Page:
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Tuesday, December 5, 2023

Deception, distortion, demonisation: Integral parts of SL democracy today – Nishthar Idoos

Cartoon by @tmdsbekanayaka

“Deceiving others. That is what the world calls a romance” – Oscar Wilde.

Elections are here, time for pacts, pledges and promises – the time-tested Sri Lankan way of savouring democracy. The sooner you get them negotiated and sealed the better.

Formation of alliances before a Presidential Election is normal in Sri Lanka. The number of registered political parties is close to 70 and the coming together of these parties into different alliances is an experience in itself. The landscape is surely getting ready for the day in mid-November. The Election Commission has released the final list of candidates. A total of 41 had placed cash deposits and 35 had handed over nomination papers.

The hostile and unfavourable atmosphere surrounding minorities especially Muslims is fading. At least the demonisation bandwagon has momentarily halted and other connected issues either relegated or forgotten. Muslims went through a lot psychologically, emotionally, economically and by way of life in the days leading up to the election. Each presidential aspirant will no doubt will try and placate to woo them back.

For the record remember the outrageous ‘vanda beheth’ – allegedly introduced by Muslims into food to render Buddhists infertile? Remember the infamous killer doctor Dr. Shafi who had supposedly sterilised 4,000 Sinhala Buddhist women after caesarean deliveries? Remember the force feeding of halal food to non-Muslims? The list goes on. The conspiratorial deception behind Dr. Shafi’s arrest and incarceration is public knowledge now.

The phantasmagoria is either remotely clouded or awaiting a new script. For now the curtain is down. Depending who comes to power on 16 November, curtains may go up once more or maybe permanently shut.

The script writers are taking a break it seems and so are the directors, producers and the actors, or is it?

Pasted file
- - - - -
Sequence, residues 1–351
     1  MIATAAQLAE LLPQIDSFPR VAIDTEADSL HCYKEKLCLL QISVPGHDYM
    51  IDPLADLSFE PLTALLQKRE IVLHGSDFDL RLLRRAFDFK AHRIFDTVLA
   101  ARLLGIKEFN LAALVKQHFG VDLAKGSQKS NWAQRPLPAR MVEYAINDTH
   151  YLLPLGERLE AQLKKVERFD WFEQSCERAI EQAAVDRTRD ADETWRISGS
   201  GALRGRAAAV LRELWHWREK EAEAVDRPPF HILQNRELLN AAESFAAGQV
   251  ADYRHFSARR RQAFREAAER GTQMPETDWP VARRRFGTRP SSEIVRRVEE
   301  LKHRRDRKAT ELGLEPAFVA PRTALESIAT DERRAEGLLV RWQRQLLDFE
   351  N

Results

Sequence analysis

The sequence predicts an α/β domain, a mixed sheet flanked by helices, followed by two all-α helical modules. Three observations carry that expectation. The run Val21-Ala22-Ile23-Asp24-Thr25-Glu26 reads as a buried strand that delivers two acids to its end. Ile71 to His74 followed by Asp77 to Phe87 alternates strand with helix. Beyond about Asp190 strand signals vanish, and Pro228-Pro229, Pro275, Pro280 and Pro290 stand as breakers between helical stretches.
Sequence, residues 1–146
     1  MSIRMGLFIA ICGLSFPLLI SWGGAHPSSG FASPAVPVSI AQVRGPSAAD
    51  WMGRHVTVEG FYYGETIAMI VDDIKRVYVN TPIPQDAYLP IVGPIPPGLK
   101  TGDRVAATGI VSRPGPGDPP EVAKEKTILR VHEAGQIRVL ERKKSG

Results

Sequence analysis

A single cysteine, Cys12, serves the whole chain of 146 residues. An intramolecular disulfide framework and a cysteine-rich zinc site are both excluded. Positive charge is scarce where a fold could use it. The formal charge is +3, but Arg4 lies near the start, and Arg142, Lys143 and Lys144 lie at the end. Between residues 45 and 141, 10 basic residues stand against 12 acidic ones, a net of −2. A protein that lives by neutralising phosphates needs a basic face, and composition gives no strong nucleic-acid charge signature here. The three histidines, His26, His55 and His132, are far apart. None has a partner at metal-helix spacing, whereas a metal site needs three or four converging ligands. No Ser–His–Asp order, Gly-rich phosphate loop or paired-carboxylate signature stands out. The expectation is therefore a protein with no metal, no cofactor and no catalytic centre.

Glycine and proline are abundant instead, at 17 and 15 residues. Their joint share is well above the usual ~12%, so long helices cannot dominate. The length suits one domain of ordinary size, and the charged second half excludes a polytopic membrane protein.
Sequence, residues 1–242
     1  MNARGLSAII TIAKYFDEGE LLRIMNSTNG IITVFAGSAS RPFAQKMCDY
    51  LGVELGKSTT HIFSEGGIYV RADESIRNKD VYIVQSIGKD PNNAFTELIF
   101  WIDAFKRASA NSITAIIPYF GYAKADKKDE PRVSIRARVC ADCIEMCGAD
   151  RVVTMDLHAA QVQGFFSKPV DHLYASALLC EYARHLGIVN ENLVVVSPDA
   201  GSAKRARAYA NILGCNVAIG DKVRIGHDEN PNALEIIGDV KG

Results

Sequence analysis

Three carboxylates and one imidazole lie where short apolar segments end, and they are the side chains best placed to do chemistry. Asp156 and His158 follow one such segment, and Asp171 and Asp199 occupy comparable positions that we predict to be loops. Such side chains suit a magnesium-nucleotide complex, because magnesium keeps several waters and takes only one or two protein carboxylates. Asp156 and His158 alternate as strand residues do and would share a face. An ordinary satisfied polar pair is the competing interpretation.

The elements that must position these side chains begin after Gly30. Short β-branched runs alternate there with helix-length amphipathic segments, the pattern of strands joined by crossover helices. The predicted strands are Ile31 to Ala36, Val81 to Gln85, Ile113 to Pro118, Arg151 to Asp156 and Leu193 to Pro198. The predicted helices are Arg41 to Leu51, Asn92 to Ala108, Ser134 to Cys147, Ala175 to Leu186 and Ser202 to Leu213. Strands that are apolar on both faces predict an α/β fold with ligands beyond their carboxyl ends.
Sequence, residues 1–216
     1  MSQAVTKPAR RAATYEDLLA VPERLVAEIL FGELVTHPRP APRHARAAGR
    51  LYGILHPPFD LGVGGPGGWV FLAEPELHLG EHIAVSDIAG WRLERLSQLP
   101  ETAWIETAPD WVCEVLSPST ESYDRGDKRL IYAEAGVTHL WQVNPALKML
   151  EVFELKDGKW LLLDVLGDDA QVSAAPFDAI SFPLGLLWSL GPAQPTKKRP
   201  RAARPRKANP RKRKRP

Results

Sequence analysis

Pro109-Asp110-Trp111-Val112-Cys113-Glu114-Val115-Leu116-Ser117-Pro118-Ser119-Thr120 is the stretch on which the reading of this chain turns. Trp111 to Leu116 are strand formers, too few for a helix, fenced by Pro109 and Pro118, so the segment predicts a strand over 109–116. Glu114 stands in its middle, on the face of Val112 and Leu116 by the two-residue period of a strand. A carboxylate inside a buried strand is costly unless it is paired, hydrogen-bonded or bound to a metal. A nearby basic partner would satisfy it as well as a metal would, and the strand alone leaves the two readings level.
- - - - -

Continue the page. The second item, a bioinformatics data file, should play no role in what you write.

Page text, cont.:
Election promises

Not so fast, in essence they’ve been catapulted from one genre to another. They’re on assignment for another more important exercise. Writing election promises in all three languages to reach approximately 17 million registered voters. This is another specialist job.

They have got to recognise both the apparent and no-so-apparent needs of the voter, enabling a good fit. They’ll target grandparents, parents, children including the unborn. Not that the promises will be fulfilled, there is no chance in hell that it will happen, there is no evidence in contemporary history that ambitious and infeasible promises were ever fulfilled.

A gross distortion of the democratic process accelerated in the last decade. Yet, you should never miss the flamboyance of the politician when he makes the pronouncements of benefits, bonuses and bonanzas.

The image of the angler best describes elections in Sri Lanka. You fine-tune the bait and fling that dainty allurement far and wide hoping it would engulf the denticulated mouth of the fish then just continue to pull it towards you. It all depends what you dangle or coat the bait with.

Sri Lanka has a unique yet notorious history when it comes to election promises. Bait after bait thrown at people both from election manifesto and whimsically. And the people buy it. It will be no different this time. Political leaders throw at people anything and everything that comes to their mind. The most famous and memorable being the fatuous promise from late Prime Minister Sirimavo Bandaranaike’s ‘rice from the moon’. Yes she promised to bring rice from the moon.

Between a promise and policy, the former has always worked for the local constituency; no wonder Sri Lanka continues to be a developing country. Not because the audience is unintelligent or uneducated but corruption is so endemic and the attitude of the average voter is “give us some before you devour the whole thing” which seems sensible considering the gargantuan sums that official records confirm being taken by different individuals and institutions in multiple corrupt transactions.

Corruption in Sri Lanka

Corruption in Sri Lanka is a metastasised cancer, entrenched and unarrestable.

Chandrika Kumaratunga virtually seduced the country with her charm and charisma. Repeatedly promised to abolish the executive presidency before she became an executive president. From the very outset of her term she said that she would abolish it, but tenaciously clung to it until she completed her two terms.

Then came the absolutely vacuous Rajapaksa election promises bedecked with a supposed vision. Chinthana promised many things, they were cleverly crafted and sold to the public. The planning process involved the participation of many especially those from the private sector. Many a “free meal” was included for the tamasha.